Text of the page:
When the output is a service rather than a good, it sometimes is difficult to quantify this service. Furthermore, the quality of a service is often as important (if not more important) than the quantity. And in many cases, labor time spent with a customer is directly related to this quality of service. If this is the case, then the quantity and quality of a person’s efforts may be in conflict with each other.
In the field of education, in obvious quantitative measure of teacher productivity would be number of students in a class. But is there a point at which the increase in class size interferes with learning? Moreover, what about such qualitative measures as the performance of the students in the subject being taught?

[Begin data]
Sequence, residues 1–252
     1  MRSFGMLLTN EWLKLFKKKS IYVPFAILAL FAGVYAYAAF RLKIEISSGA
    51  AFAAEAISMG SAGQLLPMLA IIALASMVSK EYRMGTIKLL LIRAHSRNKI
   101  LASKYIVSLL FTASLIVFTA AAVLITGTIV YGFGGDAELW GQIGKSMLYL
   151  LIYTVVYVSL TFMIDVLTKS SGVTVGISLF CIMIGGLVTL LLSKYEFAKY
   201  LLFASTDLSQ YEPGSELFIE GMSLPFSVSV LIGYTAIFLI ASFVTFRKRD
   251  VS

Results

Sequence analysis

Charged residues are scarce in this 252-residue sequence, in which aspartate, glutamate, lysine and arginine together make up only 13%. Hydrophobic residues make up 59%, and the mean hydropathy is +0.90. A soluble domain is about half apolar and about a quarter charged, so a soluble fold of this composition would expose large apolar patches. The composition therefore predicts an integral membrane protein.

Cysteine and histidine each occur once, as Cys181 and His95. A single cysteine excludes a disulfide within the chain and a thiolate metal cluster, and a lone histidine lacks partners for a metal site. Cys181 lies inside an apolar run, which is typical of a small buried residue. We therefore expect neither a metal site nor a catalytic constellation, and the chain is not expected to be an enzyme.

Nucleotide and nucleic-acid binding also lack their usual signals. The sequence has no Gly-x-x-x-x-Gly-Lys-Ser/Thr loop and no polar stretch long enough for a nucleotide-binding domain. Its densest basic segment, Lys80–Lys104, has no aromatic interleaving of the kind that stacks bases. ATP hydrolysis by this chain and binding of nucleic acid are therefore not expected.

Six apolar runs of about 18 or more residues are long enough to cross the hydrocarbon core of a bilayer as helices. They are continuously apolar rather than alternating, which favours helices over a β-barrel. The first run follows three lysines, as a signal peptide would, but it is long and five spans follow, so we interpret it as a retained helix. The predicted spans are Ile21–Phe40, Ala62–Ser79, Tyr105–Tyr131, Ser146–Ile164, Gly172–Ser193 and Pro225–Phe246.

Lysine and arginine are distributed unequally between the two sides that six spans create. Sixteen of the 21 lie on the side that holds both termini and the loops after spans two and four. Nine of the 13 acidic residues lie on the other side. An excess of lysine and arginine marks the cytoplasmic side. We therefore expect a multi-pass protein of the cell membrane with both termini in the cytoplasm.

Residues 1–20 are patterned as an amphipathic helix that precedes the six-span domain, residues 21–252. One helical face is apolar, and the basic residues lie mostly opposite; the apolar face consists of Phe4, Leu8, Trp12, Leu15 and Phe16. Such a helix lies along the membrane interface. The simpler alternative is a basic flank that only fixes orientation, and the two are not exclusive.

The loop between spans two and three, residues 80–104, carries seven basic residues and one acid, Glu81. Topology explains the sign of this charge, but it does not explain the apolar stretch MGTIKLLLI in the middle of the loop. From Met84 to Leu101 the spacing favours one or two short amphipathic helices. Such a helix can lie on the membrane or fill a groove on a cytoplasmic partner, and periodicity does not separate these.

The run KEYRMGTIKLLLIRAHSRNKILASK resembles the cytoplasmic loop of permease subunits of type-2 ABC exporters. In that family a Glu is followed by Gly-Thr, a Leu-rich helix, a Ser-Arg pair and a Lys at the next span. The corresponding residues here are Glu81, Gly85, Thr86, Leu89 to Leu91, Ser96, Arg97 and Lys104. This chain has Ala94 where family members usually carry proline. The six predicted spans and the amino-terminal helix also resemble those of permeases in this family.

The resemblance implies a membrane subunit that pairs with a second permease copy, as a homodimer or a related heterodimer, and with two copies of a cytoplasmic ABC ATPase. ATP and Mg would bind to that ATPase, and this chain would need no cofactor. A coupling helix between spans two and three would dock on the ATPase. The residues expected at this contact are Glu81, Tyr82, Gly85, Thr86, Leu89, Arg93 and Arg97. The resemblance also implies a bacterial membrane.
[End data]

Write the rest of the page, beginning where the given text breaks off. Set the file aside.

So in your initial post devise a method that accurately measures the productivity of a college professor teaching economics. Hopefully, the measure you will come up with will include some sort of quality measure as well. This measure you devise will be used to decide whether to renew faculty contracts, pay levels, promotions and pay raises, so be careful, my future lies in your hands.